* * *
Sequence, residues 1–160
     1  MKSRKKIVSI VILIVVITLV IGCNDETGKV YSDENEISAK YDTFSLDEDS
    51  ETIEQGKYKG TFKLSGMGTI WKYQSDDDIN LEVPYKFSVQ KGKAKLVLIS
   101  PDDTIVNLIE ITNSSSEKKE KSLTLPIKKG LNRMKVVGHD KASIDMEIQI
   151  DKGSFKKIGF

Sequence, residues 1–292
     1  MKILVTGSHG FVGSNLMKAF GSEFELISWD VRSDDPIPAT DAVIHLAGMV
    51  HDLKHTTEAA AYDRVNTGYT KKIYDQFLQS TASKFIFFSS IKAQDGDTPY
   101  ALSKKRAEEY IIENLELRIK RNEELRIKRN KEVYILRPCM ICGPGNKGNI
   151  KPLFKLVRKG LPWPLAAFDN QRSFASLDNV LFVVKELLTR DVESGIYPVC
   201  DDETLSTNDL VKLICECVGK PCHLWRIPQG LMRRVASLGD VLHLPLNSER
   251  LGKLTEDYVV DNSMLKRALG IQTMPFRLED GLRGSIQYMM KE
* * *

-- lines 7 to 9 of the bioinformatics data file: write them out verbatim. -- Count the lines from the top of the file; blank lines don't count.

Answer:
     1  MKILVTGSHG FVGSNLMKAF GSEFELISWD VRSDDPIPAT DAVIHLAGMV
    51  HDLKHTTEAA AYDRVNTGYT KKIYDQFLQS TASKFIFFSS IKAQDGDTPY
   101  ALSKKRAEEY IIENLELRIK RNEELRIKRN KEVYILRPCM ICGPGNKGNI